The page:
Does anyone in IT truly relax on vacation?

Real getaways for IT pros? Not. Here's how IT managers manage themselves on vacation

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Elizabeth Cogswell Baskin, the CEO and executive director at Tribe, an internal communications agency, said that many employees will stay connected unless they are encouraged to do otherwise.

"When employees stay vigilantly aware and engaged 24/7, especially in the age of constant digital connection, it keeps them in a state of high alert," said Baskin. "And that keeps them from getting the necessary time to relax and recharge so they can return to work the next day or week energized and replenished."

Kyri Sarantakos, vice president of engineering at the online job-matching services TheLadders, said that at his company, when someone is on vacation they make sure that another person can cover the responsibilities.

"We like to avoid a single point of failure," he said. Sarantakos' approach is to keep vacation work disruptions to as little as possible. With the exception of a critical hiring decision, for instance, he will not dial into a conference call.

TheLadders has a flexible and unlimited vacation policy, and the company encourages employees "to use this time to recharge and find renewed energy and enthusiasm for the work ahead," Sarantakos said.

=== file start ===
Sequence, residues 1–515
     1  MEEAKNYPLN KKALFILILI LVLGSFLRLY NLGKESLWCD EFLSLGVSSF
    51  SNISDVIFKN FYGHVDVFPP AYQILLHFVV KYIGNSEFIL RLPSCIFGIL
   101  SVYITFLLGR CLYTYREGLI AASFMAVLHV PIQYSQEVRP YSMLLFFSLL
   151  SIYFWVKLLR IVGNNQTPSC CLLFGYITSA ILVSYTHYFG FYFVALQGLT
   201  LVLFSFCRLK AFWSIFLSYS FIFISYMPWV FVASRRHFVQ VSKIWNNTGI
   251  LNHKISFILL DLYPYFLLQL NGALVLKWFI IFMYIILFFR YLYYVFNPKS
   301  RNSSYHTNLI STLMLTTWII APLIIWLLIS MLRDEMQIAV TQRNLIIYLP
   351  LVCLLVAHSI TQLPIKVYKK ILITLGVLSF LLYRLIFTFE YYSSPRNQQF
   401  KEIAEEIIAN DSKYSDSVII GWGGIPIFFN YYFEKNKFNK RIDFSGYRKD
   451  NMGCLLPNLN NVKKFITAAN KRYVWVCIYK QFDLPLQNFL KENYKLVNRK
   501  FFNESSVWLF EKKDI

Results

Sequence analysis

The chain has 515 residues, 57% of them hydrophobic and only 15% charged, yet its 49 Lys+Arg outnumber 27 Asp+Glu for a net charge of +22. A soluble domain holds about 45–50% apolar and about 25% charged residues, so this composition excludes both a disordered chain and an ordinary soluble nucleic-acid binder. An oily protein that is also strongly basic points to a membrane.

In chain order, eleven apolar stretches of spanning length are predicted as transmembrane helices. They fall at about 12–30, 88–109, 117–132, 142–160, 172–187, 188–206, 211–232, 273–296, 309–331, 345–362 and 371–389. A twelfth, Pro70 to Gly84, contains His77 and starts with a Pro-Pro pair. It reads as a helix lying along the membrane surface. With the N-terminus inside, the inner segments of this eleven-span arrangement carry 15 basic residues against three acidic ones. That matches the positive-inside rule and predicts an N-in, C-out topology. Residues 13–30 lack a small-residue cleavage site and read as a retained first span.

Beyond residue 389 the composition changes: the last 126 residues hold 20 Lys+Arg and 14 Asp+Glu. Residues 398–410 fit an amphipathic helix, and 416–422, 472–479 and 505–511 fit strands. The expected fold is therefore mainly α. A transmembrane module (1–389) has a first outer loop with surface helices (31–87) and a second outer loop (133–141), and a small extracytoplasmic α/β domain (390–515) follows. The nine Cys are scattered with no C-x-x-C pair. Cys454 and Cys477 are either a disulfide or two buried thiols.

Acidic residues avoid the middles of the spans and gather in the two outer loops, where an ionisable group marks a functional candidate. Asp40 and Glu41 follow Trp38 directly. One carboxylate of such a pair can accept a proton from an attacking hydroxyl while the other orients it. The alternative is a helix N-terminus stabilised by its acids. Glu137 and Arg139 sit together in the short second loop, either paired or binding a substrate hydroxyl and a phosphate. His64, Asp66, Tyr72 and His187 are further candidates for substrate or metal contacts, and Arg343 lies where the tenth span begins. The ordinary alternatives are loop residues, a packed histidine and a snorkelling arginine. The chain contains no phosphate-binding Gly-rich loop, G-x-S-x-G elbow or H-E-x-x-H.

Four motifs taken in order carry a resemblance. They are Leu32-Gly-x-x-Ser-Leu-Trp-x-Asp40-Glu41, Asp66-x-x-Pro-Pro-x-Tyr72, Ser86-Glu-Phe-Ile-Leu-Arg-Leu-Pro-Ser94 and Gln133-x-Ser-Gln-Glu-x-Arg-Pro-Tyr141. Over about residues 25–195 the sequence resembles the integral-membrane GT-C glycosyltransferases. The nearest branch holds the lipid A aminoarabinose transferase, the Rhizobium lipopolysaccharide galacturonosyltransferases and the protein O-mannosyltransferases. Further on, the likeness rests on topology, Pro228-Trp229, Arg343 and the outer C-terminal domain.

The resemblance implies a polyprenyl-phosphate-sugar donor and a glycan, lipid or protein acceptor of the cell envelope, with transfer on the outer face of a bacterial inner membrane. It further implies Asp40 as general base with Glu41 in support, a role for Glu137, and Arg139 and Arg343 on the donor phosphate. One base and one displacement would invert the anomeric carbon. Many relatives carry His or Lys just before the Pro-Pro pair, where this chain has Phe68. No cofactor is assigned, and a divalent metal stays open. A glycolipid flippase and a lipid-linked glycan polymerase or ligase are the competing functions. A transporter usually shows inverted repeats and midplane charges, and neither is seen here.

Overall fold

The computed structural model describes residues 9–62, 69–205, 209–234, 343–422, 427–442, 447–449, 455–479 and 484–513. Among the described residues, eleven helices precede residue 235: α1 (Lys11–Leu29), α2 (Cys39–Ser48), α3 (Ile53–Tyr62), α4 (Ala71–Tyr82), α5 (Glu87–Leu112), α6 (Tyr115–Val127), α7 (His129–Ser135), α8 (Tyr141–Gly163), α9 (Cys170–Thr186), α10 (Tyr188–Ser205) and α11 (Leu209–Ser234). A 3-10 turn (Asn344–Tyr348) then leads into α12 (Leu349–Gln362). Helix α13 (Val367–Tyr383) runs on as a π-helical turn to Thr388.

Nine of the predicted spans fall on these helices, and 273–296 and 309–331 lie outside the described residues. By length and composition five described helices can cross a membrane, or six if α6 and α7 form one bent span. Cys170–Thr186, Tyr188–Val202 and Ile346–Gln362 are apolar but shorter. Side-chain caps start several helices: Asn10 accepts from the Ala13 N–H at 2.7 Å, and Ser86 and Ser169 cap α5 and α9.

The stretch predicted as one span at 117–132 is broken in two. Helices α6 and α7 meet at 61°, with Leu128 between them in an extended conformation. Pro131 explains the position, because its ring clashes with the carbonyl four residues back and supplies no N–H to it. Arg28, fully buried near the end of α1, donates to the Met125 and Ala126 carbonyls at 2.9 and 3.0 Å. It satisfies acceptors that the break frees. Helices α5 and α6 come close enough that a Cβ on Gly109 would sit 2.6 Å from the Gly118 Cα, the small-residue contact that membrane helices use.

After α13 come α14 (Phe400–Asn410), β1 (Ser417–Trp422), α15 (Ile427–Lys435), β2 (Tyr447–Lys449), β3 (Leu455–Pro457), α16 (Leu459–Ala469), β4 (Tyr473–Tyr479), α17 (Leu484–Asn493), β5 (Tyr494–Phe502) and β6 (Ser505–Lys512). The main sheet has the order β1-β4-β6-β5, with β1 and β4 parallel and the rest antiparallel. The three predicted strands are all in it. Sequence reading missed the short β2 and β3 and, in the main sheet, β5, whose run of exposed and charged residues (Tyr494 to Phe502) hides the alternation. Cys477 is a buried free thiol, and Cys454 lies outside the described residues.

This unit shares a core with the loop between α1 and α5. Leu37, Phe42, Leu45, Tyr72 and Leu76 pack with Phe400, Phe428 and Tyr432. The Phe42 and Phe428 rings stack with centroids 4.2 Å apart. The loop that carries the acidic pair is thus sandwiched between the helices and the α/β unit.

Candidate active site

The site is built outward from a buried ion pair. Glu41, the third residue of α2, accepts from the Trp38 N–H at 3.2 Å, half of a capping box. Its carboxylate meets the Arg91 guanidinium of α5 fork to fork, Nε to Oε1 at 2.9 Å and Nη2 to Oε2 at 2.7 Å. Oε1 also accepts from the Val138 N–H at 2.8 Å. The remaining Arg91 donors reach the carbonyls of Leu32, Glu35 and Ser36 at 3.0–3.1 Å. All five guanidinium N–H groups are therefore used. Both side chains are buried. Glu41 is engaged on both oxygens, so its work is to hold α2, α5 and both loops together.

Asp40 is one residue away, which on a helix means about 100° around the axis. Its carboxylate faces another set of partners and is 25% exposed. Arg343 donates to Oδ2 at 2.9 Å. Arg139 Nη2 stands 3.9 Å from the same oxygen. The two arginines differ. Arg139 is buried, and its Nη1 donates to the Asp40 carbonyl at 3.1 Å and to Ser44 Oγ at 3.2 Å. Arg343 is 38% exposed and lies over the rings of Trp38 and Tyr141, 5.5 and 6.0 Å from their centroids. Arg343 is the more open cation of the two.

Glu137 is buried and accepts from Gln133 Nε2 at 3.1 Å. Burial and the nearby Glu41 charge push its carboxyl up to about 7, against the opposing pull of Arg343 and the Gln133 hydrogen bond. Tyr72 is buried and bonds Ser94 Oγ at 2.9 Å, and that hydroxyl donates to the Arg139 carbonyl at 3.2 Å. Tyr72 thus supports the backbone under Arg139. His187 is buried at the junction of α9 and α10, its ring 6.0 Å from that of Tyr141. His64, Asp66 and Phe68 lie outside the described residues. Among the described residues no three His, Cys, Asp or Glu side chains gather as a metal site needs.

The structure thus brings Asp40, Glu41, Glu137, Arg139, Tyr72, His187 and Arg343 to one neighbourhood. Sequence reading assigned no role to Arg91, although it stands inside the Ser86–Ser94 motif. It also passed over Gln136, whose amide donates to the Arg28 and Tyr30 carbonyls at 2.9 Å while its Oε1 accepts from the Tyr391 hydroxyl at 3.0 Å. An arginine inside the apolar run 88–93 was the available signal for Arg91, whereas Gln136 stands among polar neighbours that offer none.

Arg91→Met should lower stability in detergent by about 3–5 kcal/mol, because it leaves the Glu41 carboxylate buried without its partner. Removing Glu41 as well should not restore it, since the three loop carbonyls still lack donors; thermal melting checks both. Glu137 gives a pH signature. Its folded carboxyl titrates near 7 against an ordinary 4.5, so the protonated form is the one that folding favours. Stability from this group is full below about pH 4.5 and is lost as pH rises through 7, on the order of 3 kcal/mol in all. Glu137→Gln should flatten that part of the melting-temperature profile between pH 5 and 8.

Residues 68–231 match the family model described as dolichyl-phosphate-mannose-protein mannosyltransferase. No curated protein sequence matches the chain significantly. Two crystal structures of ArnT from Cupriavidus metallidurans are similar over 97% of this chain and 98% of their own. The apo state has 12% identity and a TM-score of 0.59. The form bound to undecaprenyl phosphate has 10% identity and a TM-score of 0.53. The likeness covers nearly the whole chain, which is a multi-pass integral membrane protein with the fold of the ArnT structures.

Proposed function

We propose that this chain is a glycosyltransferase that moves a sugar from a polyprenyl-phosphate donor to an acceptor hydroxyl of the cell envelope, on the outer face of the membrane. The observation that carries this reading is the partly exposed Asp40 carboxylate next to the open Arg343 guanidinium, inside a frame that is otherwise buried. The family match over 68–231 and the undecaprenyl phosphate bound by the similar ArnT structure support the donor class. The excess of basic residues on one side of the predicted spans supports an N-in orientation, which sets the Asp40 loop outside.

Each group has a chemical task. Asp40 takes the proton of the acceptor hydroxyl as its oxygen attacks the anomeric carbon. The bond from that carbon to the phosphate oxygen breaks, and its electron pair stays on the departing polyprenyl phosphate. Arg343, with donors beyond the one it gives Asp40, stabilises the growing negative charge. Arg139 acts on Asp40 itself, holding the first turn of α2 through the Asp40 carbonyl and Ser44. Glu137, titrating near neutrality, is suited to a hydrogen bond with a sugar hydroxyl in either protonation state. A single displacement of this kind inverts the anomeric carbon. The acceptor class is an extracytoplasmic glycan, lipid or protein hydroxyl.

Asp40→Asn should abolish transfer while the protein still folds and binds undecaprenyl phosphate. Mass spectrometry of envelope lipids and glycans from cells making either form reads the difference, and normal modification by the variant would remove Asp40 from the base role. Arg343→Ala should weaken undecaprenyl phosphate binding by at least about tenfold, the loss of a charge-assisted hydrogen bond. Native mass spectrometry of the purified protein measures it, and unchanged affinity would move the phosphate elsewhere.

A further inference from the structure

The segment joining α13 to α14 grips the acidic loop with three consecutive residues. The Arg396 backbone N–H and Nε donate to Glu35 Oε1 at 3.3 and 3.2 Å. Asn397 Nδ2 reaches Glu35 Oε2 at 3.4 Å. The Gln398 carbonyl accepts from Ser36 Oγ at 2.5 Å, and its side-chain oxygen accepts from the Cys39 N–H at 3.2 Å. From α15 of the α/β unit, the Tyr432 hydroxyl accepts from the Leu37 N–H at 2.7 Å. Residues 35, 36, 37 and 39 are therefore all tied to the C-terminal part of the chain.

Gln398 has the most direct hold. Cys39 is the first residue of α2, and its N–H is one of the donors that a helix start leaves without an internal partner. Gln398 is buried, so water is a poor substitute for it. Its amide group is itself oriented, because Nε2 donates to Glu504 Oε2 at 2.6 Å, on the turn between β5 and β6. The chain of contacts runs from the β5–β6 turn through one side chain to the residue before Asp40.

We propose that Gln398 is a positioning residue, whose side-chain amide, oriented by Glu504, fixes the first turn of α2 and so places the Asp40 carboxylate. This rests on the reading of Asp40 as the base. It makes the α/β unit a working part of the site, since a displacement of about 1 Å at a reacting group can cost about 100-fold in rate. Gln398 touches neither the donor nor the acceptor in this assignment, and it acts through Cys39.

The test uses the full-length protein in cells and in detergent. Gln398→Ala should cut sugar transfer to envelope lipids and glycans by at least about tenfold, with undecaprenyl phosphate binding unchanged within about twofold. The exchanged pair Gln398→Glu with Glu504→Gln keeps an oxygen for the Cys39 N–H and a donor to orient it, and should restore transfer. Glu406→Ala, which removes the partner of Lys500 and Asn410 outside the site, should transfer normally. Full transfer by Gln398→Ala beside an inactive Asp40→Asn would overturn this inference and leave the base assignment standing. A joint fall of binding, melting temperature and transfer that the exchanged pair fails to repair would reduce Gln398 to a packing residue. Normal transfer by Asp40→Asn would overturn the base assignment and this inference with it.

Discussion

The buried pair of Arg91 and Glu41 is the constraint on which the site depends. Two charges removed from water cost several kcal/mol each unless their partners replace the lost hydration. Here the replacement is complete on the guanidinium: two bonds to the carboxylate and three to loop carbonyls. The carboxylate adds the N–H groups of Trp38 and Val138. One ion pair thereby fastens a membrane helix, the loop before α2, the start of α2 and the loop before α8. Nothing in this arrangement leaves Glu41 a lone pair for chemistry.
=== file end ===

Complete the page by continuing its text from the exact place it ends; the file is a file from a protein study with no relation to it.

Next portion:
Pierluigi Stella, CTO of Network Box USA, a managed security services firm, has two perspectives, one that applies for himself and another for the people he manages. "I cannot spend a whole day detached from the office without wanting to know what's going on," Stella told Computerworld. "My vacations, few and far in between, are always in places where cellular phones work."

But while Stella will stay in touch with the business, he has a different view for the people he manages. "If they are in vacation, they are in vacation, and I expect them to be detached and unavailable as much as possible," he said.

Patrick Thibodeau covers cloud computing and enterprise applications, outsourcing, government IT policies, data centers and IT workforce issues for Computerworld. Follow Patrick on Twitter at  @DCgov or subscribe to Patrick's RSS feed . His e-mail address is pthibodeau@computerworld.com.

See more by Patrick Thibodeau on Computerworld.com.

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Copyright © 2013 IDG Communications, Inc.

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